Apple, Microsoft face concerns over cyber security
It was more than two years ago when Apple came under fire for rejecting federal law enforcement’s plea to unlock a terrorist’s iPhone. Doing so, they said, would violate the security and privacy rights of every person using their technology—not just one terrorist.
User security and privacy has since become a marketing tool for the tech giant, touting its software as best in the industry over some of its competitors, such as Microsoft and Google. Now after a series of major cybersecurity breaches have hit almost every large technology company, including Apple, users are concerned.
In Apple’s case, hackers were able to access contact information from iPhones without a need for the user’s passcode. Later, they accessed locations of certain users within some of their applications.
Microsoft faced similar problems when bugs within its Outlook software were exposed by smaller-scale breaches, allowing emails and account information to be accessed by hackers.
Both companies have since fixed the issues, but as new software and products are released, the potential for new bugs and vulnerabilities remains.
Nathan Viray, sophomore computer science major, said as someone who uses different software from most of these companies, news like this is concerning—especially in a college setting in which almost everyone relies on device security and privacy.
“It makes you wonder how safe the technology we use on a daily basis actually is,” Viray said.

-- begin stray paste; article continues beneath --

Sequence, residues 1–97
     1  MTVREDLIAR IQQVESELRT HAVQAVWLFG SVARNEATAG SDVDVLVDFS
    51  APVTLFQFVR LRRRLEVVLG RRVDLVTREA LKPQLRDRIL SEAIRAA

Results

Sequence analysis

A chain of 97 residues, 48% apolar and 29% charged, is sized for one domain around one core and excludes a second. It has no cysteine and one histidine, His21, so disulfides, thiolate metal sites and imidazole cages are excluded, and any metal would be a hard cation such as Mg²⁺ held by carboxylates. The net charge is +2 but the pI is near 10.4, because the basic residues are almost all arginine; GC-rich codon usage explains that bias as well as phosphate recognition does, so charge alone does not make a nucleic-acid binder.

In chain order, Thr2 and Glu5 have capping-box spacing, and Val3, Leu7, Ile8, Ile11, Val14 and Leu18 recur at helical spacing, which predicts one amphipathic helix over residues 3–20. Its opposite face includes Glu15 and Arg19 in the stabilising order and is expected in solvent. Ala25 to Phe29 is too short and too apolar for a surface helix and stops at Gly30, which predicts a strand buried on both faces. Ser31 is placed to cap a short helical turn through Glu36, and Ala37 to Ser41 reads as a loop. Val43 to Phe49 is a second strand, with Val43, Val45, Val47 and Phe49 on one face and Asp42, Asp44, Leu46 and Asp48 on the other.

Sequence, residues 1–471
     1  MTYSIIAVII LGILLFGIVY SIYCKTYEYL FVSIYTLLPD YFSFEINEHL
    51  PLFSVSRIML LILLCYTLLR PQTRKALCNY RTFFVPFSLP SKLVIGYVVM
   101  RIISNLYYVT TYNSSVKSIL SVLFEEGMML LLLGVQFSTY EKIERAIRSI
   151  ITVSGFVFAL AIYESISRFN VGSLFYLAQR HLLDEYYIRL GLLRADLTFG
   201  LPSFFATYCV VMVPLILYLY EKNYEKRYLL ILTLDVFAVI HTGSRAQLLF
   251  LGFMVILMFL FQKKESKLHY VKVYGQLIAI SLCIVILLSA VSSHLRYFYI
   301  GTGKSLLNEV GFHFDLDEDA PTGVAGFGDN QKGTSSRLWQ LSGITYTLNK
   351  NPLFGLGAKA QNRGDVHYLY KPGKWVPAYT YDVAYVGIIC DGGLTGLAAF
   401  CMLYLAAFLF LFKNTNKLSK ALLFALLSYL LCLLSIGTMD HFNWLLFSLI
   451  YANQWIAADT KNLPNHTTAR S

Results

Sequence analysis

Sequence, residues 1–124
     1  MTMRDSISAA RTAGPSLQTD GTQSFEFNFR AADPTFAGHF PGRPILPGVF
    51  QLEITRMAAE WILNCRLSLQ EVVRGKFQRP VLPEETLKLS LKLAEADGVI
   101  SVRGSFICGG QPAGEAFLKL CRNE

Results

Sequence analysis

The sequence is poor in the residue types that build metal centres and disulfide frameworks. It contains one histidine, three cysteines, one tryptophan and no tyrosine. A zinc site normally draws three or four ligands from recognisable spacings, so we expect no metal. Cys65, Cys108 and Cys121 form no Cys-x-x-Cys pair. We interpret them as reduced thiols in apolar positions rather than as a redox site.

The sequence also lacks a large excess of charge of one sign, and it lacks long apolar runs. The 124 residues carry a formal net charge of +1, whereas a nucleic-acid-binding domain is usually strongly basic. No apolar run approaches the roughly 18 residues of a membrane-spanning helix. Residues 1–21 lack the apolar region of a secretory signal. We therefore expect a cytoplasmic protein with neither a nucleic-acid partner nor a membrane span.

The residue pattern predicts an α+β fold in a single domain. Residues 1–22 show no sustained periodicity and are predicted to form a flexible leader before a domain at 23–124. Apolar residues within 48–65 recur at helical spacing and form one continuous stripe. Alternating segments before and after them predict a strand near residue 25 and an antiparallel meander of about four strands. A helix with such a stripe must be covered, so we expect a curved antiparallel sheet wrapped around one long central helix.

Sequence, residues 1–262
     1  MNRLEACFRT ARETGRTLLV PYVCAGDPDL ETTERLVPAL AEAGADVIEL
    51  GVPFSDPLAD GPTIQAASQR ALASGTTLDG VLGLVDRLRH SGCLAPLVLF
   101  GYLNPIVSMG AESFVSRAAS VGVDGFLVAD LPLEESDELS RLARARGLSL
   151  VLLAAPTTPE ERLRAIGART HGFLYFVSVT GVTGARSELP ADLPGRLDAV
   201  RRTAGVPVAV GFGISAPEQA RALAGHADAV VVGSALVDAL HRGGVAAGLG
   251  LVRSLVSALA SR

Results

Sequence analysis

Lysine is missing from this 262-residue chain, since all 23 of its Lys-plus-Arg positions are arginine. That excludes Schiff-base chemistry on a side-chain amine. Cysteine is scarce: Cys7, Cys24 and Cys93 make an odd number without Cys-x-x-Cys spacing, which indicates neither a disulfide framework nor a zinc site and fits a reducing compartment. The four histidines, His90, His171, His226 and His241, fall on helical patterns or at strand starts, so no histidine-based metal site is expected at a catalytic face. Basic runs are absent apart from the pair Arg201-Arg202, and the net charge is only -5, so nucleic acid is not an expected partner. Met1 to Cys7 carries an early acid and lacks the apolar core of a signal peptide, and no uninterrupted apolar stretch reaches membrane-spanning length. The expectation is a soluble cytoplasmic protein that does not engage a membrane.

Larry Clement, assistant and interim chair of the Computing, Software and Data Sciences Department, said while persistent security breaches are concerning, there is a catch. In the case of most breaches, hackers are looking to exploit targets that have significant assets or information.
“The majority of users have nothing to worry about when hearing about these kinds of incidents,” Clement said.
Instead, Clement pointed out that companies, governments, universities and high-profile people are the targets for the vast majority of cyber attacks.
However, that does not mean users should not be proactive. For students, managing activity across their devices is common sense, but there are additional ways to make sure one’s data is secure.
“Two-factor authentication is probably the best way to protect yourself, along with anti-virus software,” Clement said.
People and groups who are more prone to be targeted should utilize those security protocols as the first step to ensuring their data is safe amid security concerns, but they may need to take additional steps for cybersecurity.
Thomas Riggle, who owns his own architecture firm and has contracted with California Baptist University through its expansion, said with the multitude of programs and software needed in his business, news of major breaches can be highly concerning.
“As we have seen this huge shift toward using tech literally everywhere, it’s understandable when there is such a big concern over hacks when everyone is using these products,” Riggle said.
Riggle said hiring his own cybersecurity company was a necessary precaution for potential hacks, especially with a growing business with a constant need for technology to operate.
As for the debate over security between Apple, Microsoft and others, Riggle said that gap has gotten smaller than what it was before when Apple dominated the security market.
This echoes Clement’s assertion that for the average user, major tech companies have done well in protecting data and privacy despite occasional news that may indicate otherwise.